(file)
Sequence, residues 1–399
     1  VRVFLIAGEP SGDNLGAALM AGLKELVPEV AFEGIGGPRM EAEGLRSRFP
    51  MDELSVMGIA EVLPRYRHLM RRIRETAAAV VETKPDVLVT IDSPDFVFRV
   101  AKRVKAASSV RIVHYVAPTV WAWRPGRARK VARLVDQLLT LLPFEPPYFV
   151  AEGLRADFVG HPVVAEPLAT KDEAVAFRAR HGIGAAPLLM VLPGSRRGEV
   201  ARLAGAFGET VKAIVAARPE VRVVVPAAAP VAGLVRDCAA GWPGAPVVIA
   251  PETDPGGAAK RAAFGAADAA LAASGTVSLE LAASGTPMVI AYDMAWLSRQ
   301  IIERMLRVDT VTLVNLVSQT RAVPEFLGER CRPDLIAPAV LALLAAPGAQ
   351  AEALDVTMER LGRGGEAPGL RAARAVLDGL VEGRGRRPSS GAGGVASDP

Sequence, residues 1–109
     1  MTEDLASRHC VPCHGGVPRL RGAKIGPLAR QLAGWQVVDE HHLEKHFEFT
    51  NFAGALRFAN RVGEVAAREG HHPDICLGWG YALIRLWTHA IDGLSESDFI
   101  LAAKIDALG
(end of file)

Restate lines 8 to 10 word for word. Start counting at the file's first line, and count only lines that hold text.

   301  IIERMLRVDT VTLVNLVSQT RAVPEFLGER CRPDLIAPAV LALLAAPGAQ
   351  AEALDVTMER LGRGGEAPGL RAARAVLDGL VEGRGRRPSS GAGGVASDP

Sequence, residues 1–109